KEEP PESTS AWAY
Plant infestations from spider mites, fungus gnats, fruit flies, and other insects are all too common when you grow cannabis. When you have finally gotten rid of the pests, you want to make absolutely sure that they don’t return. Pest infestations can really ravage a plant, so it certainly needs optimal care and time to be revived.
In terms of keeping the pests away, there are natural insecticides like neem oil that can be highly effective. You can even use it as a foliar spray, applying it to your leaves every 2 or 3 weeks. However, be careful during the flowering phase as you do not want the overbearing taste of neem oil on your buds! For fungus gnats, you can also set up yellow sticky traps, which will catch most of them.
Neem oil serves as a completely natural way to protect your cannabis plants against pests.
Neem oil serves as a completely natural way to protect your cannabis plants against pests.
SUPPLEMENTS TO HELP YOUR SICK PLANTS RECOVER
There are certain supplements you can give to your sick plants to reduce stress, support their development, and increase their resistance.
For those growing in soil, compost teas are an excellent supplement to support the recovery of sick and stressed plants. Compost teas can make your plants grow faster and more robust, making them less susceptible to diseases and deficiencies. Some cultivators make their own compost teas at home, although they can also be purchased at most well-sorted grow stores.
Silica has properties that strengthen the cell walls of your plants, which makes it helpful for increasing their resilience. Furthermore, it makes certain minerals and nutrients more available while protecting the roots as well.
Seaweed contains minerals and other micronutrients, and has been shown to help reduce plant stress. While its mechanism is somewhat unknown, seaweed has long been part of the weed grower’s arsenal.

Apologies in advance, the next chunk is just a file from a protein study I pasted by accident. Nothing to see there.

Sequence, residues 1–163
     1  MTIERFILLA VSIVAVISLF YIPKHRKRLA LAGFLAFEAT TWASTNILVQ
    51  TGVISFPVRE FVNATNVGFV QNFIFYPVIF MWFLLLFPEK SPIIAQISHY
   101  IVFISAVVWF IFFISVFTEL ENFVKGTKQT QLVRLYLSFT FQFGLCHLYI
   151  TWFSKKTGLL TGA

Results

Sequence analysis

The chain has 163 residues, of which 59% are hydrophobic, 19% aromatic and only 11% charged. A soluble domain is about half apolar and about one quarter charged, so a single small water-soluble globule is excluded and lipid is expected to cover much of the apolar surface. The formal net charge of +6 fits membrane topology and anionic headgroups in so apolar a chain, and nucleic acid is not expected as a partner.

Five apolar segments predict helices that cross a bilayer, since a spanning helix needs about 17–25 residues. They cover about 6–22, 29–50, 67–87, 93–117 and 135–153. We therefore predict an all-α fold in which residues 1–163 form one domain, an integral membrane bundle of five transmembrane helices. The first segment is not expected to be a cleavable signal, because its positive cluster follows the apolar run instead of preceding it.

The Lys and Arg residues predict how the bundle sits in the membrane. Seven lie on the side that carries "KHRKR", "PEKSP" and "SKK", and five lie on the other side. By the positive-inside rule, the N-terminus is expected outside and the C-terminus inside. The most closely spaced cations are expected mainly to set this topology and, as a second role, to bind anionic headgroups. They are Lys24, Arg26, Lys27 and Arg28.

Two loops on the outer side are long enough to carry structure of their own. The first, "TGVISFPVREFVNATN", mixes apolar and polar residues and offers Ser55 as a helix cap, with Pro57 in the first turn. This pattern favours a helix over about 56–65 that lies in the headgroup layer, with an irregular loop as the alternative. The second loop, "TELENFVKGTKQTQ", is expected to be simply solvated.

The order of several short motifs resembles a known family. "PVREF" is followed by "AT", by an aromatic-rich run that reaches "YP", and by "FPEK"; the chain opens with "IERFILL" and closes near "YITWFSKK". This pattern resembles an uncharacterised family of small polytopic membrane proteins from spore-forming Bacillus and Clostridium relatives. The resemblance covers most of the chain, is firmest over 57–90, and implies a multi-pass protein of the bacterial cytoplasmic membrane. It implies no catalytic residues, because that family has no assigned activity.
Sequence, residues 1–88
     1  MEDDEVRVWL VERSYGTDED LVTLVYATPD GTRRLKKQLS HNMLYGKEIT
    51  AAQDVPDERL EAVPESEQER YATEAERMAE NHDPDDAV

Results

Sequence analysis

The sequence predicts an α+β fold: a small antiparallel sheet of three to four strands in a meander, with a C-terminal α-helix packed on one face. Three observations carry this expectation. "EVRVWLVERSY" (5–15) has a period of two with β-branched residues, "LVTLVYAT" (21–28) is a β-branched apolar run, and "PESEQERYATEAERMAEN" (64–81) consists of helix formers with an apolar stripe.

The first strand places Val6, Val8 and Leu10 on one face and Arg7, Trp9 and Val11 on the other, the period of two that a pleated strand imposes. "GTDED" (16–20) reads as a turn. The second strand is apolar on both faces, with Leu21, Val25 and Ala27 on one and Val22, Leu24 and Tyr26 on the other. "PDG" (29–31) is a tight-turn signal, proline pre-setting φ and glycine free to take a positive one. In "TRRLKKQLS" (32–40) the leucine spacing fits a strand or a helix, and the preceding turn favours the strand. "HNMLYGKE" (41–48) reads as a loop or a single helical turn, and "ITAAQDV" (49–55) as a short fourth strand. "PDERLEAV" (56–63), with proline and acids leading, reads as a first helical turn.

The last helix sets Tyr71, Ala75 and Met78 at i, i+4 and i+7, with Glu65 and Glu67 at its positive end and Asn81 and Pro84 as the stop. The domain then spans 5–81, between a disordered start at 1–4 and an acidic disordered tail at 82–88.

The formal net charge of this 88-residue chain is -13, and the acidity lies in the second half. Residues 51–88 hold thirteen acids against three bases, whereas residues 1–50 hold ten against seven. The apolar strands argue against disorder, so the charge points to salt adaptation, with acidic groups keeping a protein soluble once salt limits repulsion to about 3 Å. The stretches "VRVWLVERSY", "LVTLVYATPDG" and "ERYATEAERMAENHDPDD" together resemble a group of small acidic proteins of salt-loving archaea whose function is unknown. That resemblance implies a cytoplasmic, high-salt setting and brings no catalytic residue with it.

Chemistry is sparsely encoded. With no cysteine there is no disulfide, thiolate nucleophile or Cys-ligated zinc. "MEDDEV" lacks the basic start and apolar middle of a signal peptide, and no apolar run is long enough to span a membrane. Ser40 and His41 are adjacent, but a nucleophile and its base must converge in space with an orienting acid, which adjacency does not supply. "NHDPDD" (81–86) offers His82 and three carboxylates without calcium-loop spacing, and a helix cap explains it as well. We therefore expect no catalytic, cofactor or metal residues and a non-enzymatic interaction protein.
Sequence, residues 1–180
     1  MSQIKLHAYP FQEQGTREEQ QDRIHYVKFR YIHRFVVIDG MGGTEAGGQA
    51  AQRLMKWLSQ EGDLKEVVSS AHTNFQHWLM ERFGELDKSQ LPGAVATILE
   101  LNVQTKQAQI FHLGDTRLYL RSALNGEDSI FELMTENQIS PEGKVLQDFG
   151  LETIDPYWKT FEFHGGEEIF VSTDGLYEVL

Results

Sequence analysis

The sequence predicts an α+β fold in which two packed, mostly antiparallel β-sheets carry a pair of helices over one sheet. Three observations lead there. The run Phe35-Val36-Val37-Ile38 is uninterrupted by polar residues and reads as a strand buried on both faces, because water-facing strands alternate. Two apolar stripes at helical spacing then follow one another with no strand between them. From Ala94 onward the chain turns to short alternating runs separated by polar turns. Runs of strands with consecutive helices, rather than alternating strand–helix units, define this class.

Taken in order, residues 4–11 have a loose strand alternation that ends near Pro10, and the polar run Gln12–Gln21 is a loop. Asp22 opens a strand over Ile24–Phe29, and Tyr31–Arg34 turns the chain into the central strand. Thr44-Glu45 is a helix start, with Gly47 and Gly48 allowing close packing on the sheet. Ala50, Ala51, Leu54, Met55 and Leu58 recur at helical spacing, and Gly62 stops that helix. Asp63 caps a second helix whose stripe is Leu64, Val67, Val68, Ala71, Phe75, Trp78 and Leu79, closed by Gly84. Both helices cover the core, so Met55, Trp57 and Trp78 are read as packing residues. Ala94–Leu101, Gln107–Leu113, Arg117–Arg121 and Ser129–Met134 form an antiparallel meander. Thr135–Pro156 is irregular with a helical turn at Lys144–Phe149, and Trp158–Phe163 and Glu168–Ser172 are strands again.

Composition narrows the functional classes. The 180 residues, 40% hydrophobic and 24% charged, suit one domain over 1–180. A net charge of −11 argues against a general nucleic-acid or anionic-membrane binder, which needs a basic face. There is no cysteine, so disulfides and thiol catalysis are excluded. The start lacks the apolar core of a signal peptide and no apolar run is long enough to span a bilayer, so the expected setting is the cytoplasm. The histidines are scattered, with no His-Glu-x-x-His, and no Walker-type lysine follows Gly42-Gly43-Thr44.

With the above tips, we hope you are able to revive your precious cannabis plants and make it to a hefty and healthy harvest.In this guide, you'll learn how to help revive your sick and stressed cannabis plants after infestations, nutrient deficiencies, and much more!
Best recovery from heat stress / salt
Looking for input on best way to facilitate recovery from heat stress and salts.
Large greenhouse plant (green crack), in well amended soil/coco/perlite blend, watered the week previous with RO + 500ppm calmag (1/2 tsp/gal) to prevent deficiencies caused by coco.
Misters cool the greenhouse, failed one afternoon, temps 100+.
Other plants did great. This one the emitters werent placed quite right, not much water near the center root ball.
This one the upper leaves taco’d up, lost most of their sheen, turned an olive type color. Lower leaves and tops shaded by the rest of the plant unaffected and lush. No wilting.
Looks a LOT like this except none of the brown/bright yellow on the background leaves (not my pic) http://img.invalid.com/albums/v385/nlaing/Plant1-Day47-TacoLeaf2.jpg
Tops look a lot like this, with more of the lighter green color at the bottom everywhere:
Seemed to even be some white salt deposits on some upper leaves.
Large ridges between veins on new growth and lots of curled leaf fringes – See bottom right pic here:
Theory is that with hi temps, this one started to dry up, drank up most of the water in the soil. EC went up from the calmag salts, and with less water in the soil, salt concentration went too high.
Seems unlikely to be Mg related with this high of calmag. Prior to arriving at the above now apparently obvious theory, tried a small spot foliar treatment of Mg just to be sure – no affect. Tried some spot foliar treatments of micros, mild tiger bloom, kelp. No affect. Large plant, easy to do a few spot treatments and not affect the whole thing.
Foliared Thrive Alive. Flushed with some straight RO, watering with reduced 100ppm calmag to reduce salt buildup. Working to keep roots from becoming waterlogged (drinks much less). Fixed mister problem.
Few days later, upper leave stems showing a bit of purple. Taco’d leaves unchanged. Upper part of plant remains kind of olive. New growth appears succulent, less pronounced ridges, reduced leaf size and narrow, reduced vigor in upper growth. Lower growth remains lush and healthy.
Would like to do all possible to facility quick and full recovery.
Would aspirin / salicylic acid be worth while? What recipe and best way to apply?
Chitosan (have crab meal on hand)?
Lots of kelp? Water/foliar?
Shade the hurt plant to reduce current stress? Very sunny days, very low humidity at night with misters off, high humidity and large humidity swings during day with misters on. Misters significantly wet the plant with pure RO. Other plants for the most part very happy, a couple of minor leaf fringe curls but very happy.Looking for input on best way to facilitate recovery from heat stress and salts. Large greenhouse plant (green crack), in well amended soil/coco/perlite… ]]>